The Problem with Judicial Empathy
What will constrain judges once they turn to their hearts for guidance?
Jun 8, 2009, Vol. 14, No. 36 • By TERRY EASTLAND
It's unclear why empathy disappeared at the very moment you'd expect Obama to emphasize it. Perhaps he and his advisers decided that "empathy" and "what is in the judge's heart" suggests a degree of subjectivity in judging that Americans aren't yet ready to accept. "Experience" is a less loaded term. But for Obama it gets to the same thing. As he said standing by Sotomayor, the right kind of experiences will create "a sense of compassion" (read empathy) in a judge. Compassion, as Obama sees it, that will lead the judge to reach the right (which is to say the left) result.
Obama says he's prepared to fight for his nominee. And debate over Sotomayor could be illuminating. For starters, what about the shoddy work of her panel in Ricci and of Jose Cabranes's criticism of its opinion? And, more broadly, which issues in the courts today are so legally indeterminate that judges need to move outside the law and into their hearts to figure out how to decide them? What is to constrain them once they repair to their hearts for guidance? And how can a judge who agrees with Obama that a heartfelt jurisprudence could help "tilt the balance" in favor of "people who are struggling in this society" in good conscience take the judicial oath of office? That oath obligates them to do equal right unto the poor and the rich. And, finally, a constitutional question: Are the legislative and judicial powers different kinds of powers? Or are they essentially the same?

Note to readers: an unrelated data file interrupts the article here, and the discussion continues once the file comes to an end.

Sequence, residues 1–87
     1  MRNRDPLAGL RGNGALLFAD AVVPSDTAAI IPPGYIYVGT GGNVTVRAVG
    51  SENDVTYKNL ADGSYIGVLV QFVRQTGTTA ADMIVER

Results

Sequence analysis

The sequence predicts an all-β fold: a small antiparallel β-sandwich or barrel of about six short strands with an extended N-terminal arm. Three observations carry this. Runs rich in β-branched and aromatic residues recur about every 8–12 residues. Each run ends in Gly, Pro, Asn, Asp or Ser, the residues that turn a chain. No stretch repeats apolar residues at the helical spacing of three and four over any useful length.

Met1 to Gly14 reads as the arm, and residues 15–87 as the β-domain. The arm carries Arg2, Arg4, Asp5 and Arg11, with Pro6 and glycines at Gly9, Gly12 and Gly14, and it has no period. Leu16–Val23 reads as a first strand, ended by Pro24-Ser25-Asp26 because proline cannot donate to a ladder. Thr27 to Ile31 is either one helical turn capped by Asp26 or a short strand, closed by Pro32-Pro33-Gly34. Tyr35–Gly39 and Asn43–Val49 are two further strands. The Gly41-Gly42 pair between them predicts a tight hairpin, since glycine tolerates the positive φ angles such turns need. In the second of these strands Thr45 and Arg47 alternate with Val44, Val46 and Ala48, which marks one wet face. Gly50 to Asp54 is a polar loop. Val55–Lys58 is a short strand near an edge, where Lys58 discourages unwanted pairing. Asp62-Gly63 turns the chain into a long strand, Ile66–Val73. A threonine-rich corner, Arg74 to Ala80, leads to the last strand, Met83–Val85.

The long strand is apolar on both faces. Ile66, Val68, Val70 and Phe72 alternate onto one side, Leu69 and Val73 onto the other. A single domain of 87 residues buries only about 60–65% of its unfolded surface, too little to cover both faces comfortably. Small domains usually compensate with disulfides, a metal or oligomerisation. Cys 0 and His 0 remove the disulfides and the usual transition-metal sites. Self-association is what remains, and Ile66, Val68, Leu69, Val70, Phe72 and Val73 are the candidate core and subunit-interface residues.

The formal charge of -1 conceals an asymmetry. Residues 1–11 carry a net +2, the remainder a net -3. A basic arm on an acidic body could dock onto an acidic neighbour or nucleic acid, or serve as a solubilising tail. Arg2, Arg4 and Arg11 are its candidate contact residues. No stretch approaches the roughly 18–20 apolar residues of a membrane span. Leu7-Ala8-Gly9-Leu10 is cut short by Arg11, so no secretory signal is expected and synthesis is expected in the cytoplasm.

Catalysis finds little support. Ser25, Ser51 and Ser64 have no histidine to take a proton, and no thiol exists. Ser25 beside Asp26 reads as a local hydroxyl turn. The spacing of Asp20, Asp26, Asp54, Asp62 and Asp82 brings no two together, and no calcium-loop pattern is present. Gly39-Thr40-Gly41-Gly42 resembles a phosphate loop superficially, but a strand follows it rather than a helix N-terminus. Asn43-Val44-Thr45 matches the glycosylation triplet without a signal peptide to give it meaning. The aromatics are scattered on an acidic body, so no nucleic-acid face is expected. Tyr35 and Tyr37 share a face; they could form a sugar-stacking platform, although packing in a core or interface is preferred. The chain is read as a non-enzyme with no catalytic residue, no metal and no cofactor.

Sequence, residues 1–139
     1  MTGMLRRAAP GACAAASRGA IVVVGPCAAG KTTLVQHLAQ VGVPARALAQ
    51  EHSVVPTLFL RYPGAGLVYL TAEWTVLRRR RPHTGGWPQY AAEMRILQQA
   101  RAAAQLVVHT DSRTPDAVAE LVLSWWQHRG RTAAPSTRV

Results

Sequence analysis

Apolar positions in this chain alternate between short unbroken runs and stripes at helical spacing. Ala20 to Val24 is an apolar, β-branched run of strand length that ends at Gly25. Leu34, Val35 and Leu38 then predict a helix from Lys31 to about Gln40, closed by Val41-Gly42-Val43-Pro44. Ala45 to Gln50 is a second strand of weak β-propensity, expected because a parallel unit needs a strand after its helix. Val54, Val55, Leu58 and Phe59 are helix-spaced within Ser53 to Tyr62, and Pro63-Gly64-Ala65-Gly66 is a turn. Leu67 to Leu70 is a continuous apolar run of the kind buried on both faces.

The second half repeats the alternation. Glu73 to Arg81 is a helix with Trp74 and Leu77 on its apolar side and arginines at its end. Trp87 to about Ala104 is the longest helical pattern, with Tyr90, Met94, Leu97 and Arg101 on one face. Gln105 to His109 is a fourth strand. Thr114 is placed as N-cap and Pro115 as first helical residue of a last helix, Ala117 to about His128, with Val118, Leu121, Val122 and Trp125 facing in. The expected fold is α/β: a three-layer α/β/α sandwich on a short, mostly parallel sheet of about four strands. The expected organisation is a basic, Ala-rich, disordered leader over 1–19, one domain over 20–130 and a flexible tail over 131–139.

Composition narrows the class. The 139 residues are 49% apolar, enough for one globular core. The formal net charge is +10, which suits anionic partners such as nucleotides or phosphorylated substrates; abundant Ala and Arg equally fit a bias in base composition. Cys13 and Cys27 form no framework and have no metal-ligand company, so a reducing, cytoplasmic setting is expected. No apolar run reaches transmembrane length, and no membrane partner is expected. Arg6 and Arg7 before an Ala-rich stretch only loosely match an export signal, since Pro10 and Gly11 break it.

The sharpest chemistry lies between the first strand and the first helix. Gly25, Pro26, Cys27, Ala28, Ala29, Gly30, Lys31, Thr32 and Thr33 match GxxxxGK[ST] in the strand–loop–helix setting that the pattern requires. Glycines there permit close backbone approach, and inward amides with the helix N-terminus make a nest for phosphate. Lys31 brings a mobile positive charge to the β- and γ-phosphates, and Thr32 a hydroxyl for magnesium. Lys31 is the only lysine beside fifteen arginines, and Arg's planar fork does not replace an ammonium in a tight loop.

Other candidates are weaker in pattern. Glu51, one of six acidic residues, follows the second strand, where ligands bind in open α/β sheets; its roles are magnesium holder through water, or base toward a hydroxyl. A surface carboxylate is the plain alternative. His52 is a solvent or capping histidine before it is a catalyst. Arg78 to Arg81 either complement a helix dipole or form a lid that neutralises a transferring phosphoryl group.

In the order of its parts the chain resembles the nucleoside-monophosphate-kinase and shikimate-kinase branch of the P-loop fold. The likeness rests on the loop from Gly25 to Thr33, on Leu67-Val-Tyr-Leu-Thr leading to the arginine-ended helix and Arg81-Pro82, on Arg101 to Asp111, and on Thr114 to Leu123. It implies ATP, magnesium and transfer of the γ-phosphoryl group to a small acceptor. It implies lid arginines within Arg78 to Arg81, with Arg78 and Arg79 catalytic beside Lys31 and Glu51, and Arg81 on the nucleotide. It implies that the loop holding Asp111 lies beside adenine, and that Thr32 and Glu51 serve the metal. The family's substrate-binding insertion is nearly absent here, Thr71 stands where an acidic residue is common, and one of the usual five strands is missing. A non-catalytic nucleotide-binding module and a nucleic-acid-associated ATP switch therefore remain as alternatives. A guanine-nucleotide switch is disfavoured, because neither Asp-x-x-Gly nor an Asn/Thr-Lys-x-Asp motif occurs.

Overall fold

These questions are quite different from the ones usually raised in connection with the Supreme Court nominees of Republican presidents. And so is this one: How will the Republican Senate minority discharge its duty to advise and consent on the Supreme Court nominee of this Democratic president?
Terry Eastland is the publisher of THE WEEKLY STANDARD.